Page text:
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Sharing fundamental values such as democracy, human rights, and the rule of law, Japan and Europe are strategic partners with leading roles in fostering the stability and prosperity of international society. It is important for Japan to advance cooperation and further strengthen bilateral relationships with the countries of Europe, notably the United Kingdom (UK), France, Germany, and Italy, which are members of the G8, as a means of strengthening the foundation upon which the international community effectively responds to global issues amidst the current international situation with its numerous elements of instability, including the economic slowdown and recession resulting from the impacts of the financial crisis, and security threats such as terrorism and the proliferation of weapons of mass destruction. In addition, Japan shares numerous fields and geographical areas of concern with both the European Union (EU), which has increased its influence through advancements in integration and taken an active role in international discussions regarding the issues surrounding Georgia and the financial crisis, and the North Atlantic Treaty Organization (NATO), which has undergone changes in its character since the Cold War, expanding its area for fostering peace and stability beyond Europe and the Atlantic region to Afghanistan and other locations. It is important for Japan to further advance its political dialogues and cooperation with these entities at a full range of levels. In addition, Japan is utilizing regional frameworks to move forward with dialogues and cooperation in political and economic fields with the countries of Central and Eastern Europe and the Baltic states.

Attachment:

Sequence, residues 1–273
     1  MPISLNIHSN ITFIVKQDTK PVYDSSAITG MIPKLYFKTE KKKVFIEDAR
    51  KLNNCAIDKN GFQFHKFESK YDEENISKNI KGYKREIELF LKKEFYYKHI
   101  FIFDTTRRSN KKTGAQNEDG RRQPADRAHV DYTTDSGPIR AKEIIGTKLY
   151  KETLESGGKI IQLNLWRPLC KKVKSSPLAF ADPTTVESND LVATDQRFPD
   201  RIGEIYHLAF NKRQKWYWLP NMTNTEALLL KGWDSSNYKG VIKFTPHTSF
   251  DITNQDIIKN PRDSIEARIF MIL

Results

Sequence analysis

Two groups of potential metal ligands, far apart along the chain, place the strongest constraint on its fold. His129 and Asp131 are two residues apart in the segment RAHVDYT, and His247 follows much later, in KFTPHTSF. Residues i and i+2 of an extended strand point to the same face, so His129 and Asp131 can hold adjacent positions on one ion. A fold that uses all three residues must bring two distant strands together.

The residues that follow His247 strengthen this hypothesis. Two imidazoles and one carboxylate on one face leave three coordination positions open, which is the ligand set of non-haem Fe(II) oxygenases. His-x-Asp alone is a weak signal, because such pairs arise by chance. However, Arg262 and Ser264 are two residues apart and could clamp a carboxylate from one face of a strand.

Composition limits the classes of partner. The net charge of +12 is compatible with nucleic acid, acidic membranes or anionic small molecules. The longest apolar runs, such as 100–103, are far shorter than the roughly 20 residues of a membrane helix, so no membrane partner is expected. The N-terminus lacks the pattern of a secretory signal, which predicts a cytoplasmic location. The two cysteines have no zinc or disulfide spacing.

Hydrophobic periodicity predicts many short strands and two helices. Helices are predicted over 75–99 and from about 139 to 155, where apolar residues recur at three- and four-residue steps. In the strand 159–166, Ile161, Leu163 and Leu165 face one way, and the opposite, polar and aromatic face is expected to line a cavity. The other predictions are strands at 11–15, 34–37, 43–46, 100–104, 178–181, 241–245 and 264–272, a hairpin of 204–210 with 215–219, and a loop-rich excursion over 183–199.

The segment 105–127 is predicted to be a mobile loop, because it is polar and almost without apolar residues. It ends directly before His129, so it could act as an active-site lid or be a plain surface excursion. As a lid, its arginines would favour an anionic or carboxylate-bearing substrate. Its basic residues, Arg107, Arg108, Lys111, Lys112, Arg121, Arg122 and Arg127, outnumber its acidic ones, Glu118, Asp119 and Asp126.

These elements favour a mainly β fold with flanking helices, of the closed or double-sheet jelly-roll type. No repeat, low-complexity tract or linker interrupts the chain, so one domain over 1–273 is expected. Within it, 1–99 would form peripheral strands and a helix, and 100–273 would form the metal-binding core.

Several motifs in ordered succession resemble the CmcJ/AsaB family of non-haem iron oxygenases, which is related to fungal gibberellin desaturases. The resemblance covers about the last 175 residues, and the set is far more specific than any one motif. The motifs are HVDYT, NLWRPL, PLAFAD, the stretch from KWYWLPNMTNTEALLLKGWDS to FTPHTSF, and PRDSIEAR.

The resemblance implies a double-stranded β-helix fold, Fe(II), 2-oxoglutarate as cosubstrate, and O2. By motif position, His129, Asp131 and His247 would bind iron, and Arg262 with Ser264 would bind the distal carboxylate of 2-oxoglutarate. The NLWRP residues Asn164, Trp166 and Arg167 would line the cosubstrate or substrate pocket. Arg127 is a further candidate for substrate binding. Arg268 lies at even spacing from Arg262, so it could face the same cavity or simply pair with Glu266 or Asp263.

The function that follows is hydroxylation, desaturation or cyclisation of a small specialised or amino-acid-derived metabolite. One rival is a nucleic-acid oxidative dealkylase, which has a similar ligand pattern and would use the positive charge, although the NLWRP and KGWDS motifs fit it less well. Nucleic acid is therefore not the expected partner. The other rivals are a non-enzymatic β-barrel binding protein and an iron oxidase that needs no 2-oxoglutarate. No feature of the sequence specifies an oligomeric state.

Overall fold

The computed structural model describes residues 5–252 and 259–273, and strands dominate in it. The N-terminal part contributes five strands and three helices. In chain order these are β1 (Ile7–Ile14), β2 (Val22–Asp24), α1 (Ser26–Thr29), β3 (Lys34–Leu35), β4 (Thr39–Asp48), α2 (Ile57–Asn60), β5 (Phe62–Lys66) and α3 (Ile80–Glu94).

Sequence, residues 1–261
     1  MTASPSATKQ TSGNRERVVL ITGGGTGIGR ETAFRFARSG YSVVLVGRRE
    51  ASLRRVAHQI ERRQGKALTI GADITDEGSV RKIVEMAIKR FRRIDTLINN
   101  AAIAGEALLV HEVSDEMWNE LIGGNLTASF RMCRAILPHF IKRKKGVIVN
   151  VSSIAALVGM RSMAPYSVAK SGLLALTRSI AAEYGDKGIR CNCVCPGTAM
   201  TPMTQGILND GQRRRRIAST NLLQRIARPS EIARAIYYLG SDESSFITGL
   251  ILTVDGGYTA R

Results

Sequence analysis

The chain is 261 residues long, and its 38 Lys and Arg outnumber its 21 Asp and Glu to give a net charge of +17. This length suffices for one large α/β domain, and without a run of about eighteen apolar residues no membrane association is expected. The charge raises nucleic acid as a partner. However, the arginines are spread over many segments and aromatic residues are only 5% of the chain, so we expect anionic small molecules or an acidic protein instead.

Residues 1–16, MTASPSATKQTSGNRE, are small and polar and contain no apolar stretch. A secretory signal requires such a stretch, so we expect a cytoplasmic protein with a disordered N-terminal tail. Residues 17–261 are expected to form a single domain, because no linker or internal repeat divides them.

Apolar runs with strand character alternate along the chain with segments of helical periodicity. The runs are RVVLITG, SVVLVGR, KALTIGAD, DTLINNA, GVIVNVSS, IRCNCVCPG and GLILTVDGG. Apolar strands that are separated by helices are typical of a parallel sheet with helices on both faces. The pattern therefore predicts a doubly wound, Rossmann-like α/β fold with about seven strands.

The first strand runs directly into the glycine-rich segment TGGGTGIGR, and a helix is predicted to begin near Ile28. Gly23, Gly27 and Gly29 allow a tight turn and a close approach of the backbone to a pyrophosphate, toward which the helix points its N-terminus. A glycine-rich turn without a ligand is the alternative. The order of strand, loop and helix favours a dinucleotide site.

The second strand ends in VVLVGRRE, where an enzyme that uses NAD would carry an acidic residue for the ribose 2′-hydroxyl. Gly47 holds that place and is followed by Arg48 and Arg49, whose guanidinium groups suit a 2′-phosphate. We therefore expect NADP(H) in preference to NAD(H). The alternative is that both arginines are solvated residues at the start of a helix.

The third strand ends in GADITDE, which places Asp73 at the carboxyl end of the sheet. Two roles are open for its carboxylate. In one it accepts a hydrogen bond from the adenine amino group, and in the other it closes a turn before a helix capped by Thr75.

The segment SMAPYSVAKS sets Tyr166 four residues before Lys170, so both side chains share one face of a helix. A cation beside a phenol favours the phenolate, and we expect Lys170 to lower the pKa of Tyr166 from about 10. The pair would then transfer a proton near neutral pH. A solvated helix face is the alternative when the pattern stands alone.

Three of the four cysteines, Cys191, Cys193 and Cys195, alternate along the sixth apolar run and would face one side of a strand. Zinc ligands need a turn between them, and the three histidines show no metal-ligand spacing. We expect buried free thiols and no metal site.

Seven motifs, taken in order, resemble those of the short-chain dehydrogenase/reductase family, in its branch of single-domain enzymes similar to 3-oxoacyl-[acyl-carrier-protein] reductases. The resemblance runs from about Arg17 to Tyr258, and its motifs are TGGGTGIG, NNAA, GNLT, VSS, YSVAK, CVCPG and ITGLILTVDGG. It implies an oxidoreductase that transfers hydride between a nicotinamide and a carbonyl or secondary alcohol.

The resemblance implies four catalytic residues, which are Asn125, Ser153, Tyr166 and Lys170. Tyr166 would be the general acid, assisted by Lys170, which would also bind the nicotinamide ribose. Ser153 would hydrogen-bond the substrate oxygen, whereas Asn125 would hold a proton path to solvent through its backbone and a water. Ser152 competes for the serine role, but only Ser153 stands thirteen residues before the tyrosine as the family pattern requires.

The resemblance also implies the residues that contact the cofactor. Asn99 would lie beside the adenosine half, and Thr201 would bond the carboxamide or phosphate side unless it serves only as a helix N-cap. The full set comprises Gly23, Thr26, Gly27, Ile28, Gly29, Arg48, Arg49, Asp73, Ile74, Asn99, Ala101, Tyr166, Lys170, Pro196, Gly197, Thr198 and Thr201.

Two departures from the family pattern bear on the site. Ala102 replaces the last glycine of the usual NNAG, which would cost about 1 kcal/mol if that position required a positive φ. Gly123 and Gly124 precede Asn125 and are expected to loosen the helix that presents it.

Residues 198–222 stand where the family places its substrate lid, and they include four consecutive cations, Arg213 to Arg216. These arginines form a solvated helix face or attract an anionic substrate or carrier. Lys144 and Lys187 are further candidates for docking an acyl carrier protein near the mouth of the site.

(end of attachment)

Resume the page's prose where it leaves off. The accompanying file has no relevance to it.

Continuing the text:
In June, Prime Minister Fukuda visited Germany, the UK and Italy. In holding substantial consultations with the leaders of these countries and fostering personal relationships of trust, he laid extremely important stepping stones that also contributed to the success of the G8 Hokkaido Toyako Summit in July. In October, Prime Minister Aso attended the Seventh Asia-Europe Meeting (ASEM 7), where the strengthening of the cooperation between Asia and Europe in addressing the financial crisis was reaffirmed.

Many leading European political figures also visited Japan, including visits at the head of state and government and foreign minister levels of the UK, France, Germany, Italy, and the EU (the Presidency of the Council of the EU and the European Commission) on the occasions of the G8 Hokkaido Toyako Summit in July and the G8 Foreign Ministers' Meeting Kyoto in June, confirming cooperation in the area of climate change and various other fields. It is important to deepen favorable Japan-Europe relations into increasingly concrete cooperative relations by continuing to hold close exchanges of views with European countries and institutions.

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